“I’m immortal!“- Authors spend a ton of time on their characters, so of course it’s hard to say goodbye. However, when a character is being constantly put into situations that they shouldn’t survive, and they survive anyway, it lessens the stakes of a book. If you don’t want to kill your character (completely understandable), maybe don’t chuck them into the depths of hell, light them on fire, and have a squad of rabid Jello Jigglers attack them.

On the flipside- I love when a character is brought back from the death, or the brink of death (once!) and it changes either them or another character irreversibly. Used correctly, that makes for some major character development. An author that knows when to save a character and when to let go is awesome.

Mental illness as a criminal motive- I’ve read a few mysteries/thrillers in the past year where the villain’s sole motive was that they were “psychotic” or had a mental illness of some sort. To me, that smacks of lazy writing, not to mention that it perpetrates a harmful stereotype. People with mental illnesses are not automatically dangerous or violent. Dovetailing off of this: I would love it if authors wouldn’t use suicide as revenge. Just stop.

On the flipside- I love when mental illness is represented accurately and well. So many people struggle with mental illness of some sort (myself included) that it is a breath of fresh air to see it written as something other than an excuse for horrible actions. Some authors that have done this amazingly are Ricardo Victoria, author of The Withered King, and Heidi Heilig, author of For a Muse of Fire.

Love Triangles (octagons, hexagons, or other shapes)– Of course I have to mention this. I can’t stand one person mentally making a pro/con list regarding which of their wanna-be lovers is best. Let me say something: if you’re waiting with bated breath for someone to choose you over ye random rival, just walk away. No one should be compared to someone else like that. And Wishy Washy obviously isn’t mature enough to be in a relationship anyway.

On the flipside- I love seeing a friendship grow into something more. Not as a main plot point; I think it’s pretty well established that I’m crotchety regarding literary romance. But seeing two characters who respect each other and enjoy spending time together become closer is pretty great.

One person against the world- I can’t stand it when a character immediately loses every single person they care about and it becomes the catalyst to take on the world. Alone. That’s boring. Give me a tragic backstory, sure. I’ll even take a whole slew of corpses left behind, but give the character someone to interact with.

On the flipside- If the main character picks up allies/co-workers/found family after losing someone or even on the way to take bloody revenge for losses, I’m totally good with that. I just want to have a chance for that character to grow.

The dreaded info dump- I’m not a “here it all is at once” kinda girl. I’ll either lose interest or miss something incredibly important. My brain just doesn’t work well with a ton of new information all at once.

On the flipside- I absolutely love it when information is shared naturally throughout a book, especially when a world is fully developed. I love reading about different histories and mythologies in fantasy or science fiction books, I just don’t want all the information to be chunked at me at once.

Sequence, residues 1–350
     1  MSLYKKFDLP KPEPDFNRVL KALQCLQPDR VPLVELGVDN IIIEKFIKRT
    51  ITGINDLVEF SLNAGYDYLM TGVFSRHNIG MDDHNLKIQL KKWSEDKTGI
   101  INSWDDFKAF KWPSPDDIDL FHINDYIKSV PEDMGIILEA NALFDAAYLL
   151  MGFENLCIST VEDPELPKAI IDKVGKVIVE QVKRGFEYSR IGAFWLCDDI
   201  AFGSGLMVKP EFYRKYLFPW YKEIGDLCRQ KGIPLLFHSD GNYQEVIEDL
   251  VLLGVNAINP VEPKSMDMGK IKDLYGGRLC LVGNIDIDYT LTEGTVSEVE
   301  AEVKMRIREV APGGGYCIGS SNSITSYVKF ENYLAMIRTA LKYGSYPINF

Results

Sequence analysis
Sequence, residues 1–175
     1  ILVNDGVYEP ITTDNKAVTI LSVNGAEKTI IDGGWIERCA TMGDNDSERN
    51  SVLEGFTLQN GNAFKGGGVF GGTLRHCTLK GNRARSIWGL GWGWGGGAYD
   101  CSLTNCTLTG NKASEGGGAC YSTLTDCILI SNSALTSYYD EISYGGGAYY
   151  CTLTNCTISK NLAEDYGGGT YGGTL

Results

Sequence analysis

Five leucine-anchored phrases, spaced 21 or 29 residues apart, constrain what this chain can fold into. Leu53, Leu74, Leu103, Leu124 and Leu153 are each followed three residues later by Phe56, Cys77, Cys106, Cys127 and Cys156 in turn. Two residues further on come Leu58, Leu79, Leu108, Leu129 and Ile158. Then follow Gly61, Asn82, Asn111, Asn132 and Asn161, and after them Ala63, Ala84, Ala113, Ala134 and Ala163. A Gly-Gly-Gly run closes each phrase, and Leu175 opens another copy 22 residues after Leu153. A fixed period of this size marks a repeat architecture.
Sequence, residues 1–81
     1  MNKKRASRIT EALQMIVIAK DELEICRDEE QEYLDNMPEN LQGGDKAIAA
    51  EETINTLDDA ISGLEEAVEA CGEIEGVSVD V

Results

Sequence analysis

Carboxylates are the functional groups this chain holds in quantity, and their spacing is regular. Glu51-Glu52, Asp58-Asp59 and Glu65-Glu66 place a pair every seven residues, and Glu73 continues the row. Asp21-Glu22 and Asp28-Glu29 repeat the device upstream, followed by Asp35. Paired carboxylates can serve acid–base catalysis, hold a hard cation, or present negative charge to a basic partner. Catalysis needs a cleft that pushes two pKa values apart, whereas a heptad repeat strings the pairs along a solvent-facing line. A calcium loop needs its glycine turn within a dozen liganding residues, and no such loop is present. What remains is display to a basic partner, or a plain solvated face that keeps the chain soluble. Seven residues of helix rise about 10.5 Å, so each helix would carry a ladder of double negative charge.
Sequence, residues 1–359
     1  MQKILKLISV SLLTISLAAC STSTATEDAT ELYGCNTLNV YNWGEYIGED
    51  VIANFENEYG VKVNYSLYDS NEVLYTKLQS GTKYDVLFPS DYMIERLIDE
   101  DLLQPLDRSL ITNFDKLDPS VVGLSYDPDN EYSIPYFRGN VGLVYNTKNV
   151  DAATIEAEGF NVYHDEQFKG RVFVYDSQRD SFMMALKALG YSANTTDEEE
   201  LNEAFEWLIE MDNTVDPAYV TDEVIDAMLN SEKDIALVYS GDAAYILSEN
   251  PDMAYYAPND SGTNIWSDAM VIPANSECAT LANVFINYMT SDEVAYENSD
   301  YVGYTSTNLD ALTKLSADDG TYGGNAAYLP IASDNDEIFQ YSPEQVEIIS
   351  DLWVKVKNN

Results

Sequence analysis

Anyway, there’s really no point to this post, except as a way to generate conversation. What do you think? What are some tropes that you love? What about tropes you hate?

Why is Sherlock Holmes So Popular? It’s Elementary

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Every once in a while, a book character comes along and changes things. Not just for one reader (although that is also a huge accomplishment), but for society in general. This character moves from the page to everyday culture. This is what has happened with Sir Arthur Conan Doyle’s Sherlock Holmes.
Phrases like, “The game is afoot,” and “no s***, Sherlock” are ubiquitous. Almost everyone at least knows who Sherlock Holmes is. Now, the question is: why? Sherlock himself is actually a very unlikable character. He’s too smart for his own good, is constantly making everyone else look less-than-competent, and is less demonstrative of his feelings than others often are. So, what makes this unlikable character so darn likable?

I think a good chunk of his charm is the way he was written. Arthur Conan Doyle was fantastic at bringing his characters to life. He could also craft a mystery like no other. Even though some of the conclusions Holmes comes to border on the impossible, Doyle makes the reader want to suspend disbelief. We like thinking that there is someone out there who can solve the difficult problems and can bring the bad guy to justice. Of course, it does bear mentioning that literary Holmes did not, in fact, solve every case. That only serves to make him an even more interesting character. Contemporary mysteries almost always end with “good” prevailing. Seeing know-it-all Holmes be wrong every once in a while only serves to make him a more three-dimensional character.

Whatever the reason, Doyle’s famous detective has given birth to many books, movies, plays, and TV shows that all aim to do one thing: show their love of Sherlock Holmes. There are books that are at least partially inspired by Holmes, such as Jackaby by William Ritter and A Study in Charlotte by Brittany Cavallaro; books that include their own versions of the actual characters, such at the Young Sherlock Holmes series by Andy Lane and Mycroft Holmes by Kareem Abdul-Jabbar (although, I would never have thought of Mycroft in the way he’s written); and of course, more TV and movie adaptations than you can shake a stick at. Basil Rathbone’s version, and the incredible BBC TV show happen to by my favorites on screen.